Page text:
“And a musical instrument — for that is what these finely tuned benches are, big enough to accommodate a few people playing simultaneously and placed in a public space accessible by all — can be a catalyst for unexpected, spontaneous social interaction, solitary musical exploration, or a focus for more formally orchestrated community events.”

That the musical benches are a genuine musical instrument was proven last week when Hugh Keelan made them the focus of a concert with the Windham Orchestra, with a program called “Our Community.”

Keelan, the orchestra’s music director, says he wanted to “demonstrate how the musical benches function for people as real instruments, and to show how they could shine in the big environment of the concert hall.”

“The benches were not just intended for the collector’s environment,” Keelan adds. “Although they may be sculptural objects of unusual ability, they are also advanced musical instruments.”

In a partially improvised piece composed by Jacob Mashak, Keelan invited the entire audience to join with the musical benches in creating a new piece of music.

“Keelan is a big supporter of our project. He is intending to plan summer musical programs around the benches,” Jones says. “He agrees with Erick and me that they can be a catalyst for musical events and gatherings in the park.”

“What is wonderful about the bench is that groups, especially those with disabilities who normally do not get together, can join around the benches,” Jones adds.

Jones himself is also a composer who wants to take “take the elitism out of classical music by bringing it to the community.” He is now working on a piece of music for his creation that he calls “Concertina for Park Bench.”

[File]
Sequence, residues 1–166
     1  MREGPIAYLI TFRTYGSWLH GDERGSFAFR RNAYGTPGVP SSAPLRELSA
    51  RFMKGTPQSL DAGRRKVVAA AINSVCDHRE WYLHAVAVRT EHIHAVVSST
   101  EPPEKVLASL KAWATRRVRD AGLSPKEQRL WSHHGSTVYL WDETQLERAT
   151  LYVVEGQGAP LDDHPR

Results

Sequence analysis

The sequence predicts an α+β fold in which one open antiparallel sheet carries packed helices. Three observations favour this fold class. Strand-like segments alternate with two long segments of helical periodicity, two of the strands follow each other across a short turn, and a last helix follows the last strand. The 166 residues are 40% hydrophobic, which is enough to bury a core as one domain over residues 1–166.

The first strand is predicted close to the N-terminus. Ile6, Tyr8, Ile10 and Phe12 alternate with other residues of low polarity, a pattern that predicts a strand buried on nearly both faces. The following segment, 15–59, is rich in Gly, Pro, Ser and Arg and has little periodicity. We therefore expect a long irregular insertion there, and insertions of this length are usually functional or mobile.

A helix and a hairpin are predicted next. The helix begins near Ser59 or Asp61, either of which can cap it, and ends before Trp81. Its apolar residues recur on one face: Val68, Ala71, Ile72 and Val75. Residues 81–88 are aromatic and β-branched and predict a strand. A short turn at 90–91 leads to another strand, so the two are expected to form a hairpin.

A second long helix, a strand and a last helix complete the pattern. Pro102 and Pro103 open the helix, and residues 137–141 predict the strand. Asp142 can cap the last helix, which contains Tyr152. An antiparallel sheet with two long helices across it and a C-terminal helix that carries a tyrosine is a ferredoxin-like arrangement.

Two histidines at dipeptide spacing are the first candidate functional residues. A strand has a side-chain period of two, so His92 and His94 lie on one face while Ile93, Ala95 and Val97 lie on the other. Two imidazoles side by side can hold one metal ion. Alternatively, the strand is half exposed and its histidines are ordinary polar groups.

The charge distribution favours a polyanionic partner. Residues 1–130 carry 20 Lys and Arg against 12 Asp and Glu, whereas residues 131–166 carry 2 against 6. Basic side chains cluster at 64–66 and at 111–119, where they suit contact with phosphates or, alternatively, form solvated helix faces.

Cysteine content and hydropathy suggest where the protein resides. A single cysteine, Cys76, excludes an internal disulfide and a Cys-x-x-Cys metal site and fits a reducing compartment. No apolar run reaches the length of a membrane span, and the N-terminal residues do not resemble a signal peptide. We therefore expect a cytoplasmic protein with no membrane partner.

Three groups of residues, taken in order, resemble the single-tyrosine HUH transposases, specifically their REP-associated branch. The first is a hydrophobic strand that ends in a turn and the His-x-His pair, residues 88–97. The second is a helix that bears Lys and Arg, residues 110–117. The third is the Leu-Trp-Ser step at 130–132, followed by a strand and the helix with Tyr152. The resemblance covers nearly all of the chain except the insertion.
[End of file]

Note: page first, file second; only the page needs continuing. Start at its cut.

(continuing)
The pair is hoping to fund their project from a community base. They are conducting a sponsorship drive, appealing to local residents, organizations, and businesses to get behind the concept.

Newquist and Jones envision eventually installing 10 benches around the greater town area, each one individually designed to reflect the “spirit of place” of its immediate surroundings.

They speculate that “each bench will cost $3,500, which includes installation and an engraved metal dedication plaque for major donors if they would like that.”

Jones and Newquist both say that there is wide support for the project in Brattleboro, noting endorsements from Town Manager Barbara Sondag, the Town Arts Committee, the Brattleboro Area Chamber of Commerce, the Public Works Department, the Recreation and Parks Department, Building a Better Brattleboro, and the Brattleboro Music Center.

“Everyone we talked to is really excited about the project,” says Newquist.

Brattleboro has a “national reputation as an arts town, and we see the need to make that visually and audibly obvious,” he adds.

“People drive long distances to visit Shelburne Falls’ Bridge of Flowers,” Newquist says. “How many would come to a town specifically to view and interact with fantastic artwork scattered around a town already known for its artistic excellence?”

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Originally published in The Commons issue #145 (Wednesday, March 28, 2012).